How nanotechnology might drastically change cities and architecture

> New, body-based and fully adaptive architecture
How could nanotechnology change buildings and cities in the future? Imagine a new substance, that could be steered and altered in real time. Imagine …

As for The Why Factory, you can find out more here on the think tank’s About page.

One last comment, in checking out MVRDV, the Dutch architectural firm mentioned earlier as one of The Why Factory’s operating organizations, I came across this piece of news generated as a consequence of the Nov. 13, 2015 Paris bombings,

The Why Factory alumna Emilie Meaud died in Friday’s Paris attacks. Our thoughts are with their family, friends and colleagues.

Nov 17, 2015

To our great horror and shock we received the terrible news that The Why Factory alumna Emilie Meaud (29) died in the Paris attacks of last Friday. She finished her master in Architecture at TU-Delft in 2012 and worked at the Agence Chartier-Dalix. She was killed alongside her twin sister Charlotte. Our thoughts are with their family, friends and colleagues.


Computer chips derived in a Darwinian environment

Courtesy: University of Twente

Courtesy: University of Twente

If that ‘computer chip’ looks a brain to you, good, since that’s what the image is intended to illustrate assuming I’ve correctly understood the Sept. 21, 2015 news item on Nanowerk (Note: A link has been removed),

Researchers of the MESA+ Institute for Nanotechnology and the CTIT Institute for ICT Research at the University of Twente in The Netherlands have demonstrated working electronic circuits that have been produced in a radically new way, using methods that resemble Darwinian evolution. The size of these circuits is comparable to the size of their conventional counterparts, but they are much closer to natural networks like the human brain. The findings promise a new generation of powerful, energy-efficient electronics, and have been published in the leading British journal Nature Nanotechnology (“Evolution of a Designless Nanoparticle Network into Reconfigurable Boolean Logic”).

A Sept. 21, 2015 University of Twente press release, which originated the news item, explains why and how they have decided to mimic nature to produce computer chips,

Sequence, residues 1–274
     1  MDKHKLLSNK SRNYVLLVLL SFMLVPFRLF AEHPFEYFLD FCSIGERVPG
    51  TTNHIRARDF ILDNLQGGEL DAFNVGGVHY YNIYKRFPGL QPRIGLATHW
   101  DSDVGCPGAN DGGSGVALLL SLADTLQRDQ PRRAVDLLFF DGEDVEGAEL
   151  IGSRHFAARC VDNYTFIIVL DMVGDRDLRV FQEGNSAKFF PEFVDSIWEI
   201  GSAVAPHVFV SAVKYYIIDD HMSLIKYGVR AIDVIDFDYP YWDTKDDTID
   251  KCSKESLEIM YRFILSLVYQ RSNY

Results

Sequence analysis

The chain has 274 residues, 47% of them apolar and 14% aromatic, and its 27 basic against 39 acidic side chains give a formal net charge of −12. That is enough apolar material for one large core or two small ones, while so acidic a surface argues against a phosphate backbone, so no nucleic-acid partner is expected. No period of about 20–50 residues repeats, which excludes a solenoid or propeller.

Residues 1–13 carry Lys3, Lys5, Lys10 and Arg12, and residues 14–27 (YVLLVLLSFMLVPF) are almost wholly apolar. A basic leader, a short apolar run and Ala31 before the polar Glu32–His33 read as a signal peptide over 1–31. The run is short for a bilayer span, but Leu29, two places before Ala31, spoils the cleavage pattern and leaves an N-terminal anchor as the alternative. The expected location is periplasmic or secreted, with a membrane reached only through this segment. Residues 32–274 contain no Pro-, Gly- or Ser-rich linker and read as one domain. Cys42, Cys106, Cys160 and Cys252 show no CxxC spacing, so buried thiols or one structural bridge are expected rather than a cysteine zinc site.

One of the greatest successes of the 20th century has been the development of digital computers. During the last decades these computers have become more and more powerful by integrating ever smaller components on silicon chips. However, it is becoming increasingly hard and extremely expensive to continue this miniaturisation. Current transistors consist of only a handful of atoms. It is a major challenge to produce chips in which the millions of transistors have the same characteristics, and thus to make the chips operate properly. Another drawback is that their energy consumption is reaching unacceptable levels. It is obvious that one has to look for alternative directions, and it is interesting to see what we can learn from nature. Natural evolution has led to powerful ‘computers’ like the human brain, which can solve complex problems in an energy-efficient way. Nature exploits complex networks that can execute many tasks in parallel.

Moving away from designed circuits

The approach of the researchers at the University of Twente is based on methods that resemble those found in Nature. They have used networks of gold nanoparticles for the execution of essential computational tasks. Contrary to conventional electronics, they have moved away from designed circuits. By using ‘designless’ systems, costly design mistakes are avoided. The computational power of their networks is enabled by applying artificial evolution. This evolution takes less than an hour, rather than millions of years. By applying electrical signals, one and the same network can be configured into 16 different logical gates. The evolutionary approach works around – or can even take advantage of – possible material defects that can be fatal in conventional electronics.

Powerful and energy-efficient

It is the first time that scientists have succeeded in this way in realizing robust electronics with dimensions that can compete with commercial technology. According to prof. Wilfred van der Wiel, the realized circuits currently still have limited computing power. “But with this research we have delivered proof of principle: demonstrated that our approach works in practice. By scaling up the system, real added value will be produced in the future. Take for example the efforts to recognize patterns, such as with face recognition. This is very difficult for a regular computer, while humans and possibly also our circuits can do this much better.”  Another important advantage may be that this type of circuitry uses much less energy, both in the production, and during use. The researchers anticipate a wide range of applications, for example in portable electronics and in the medical world.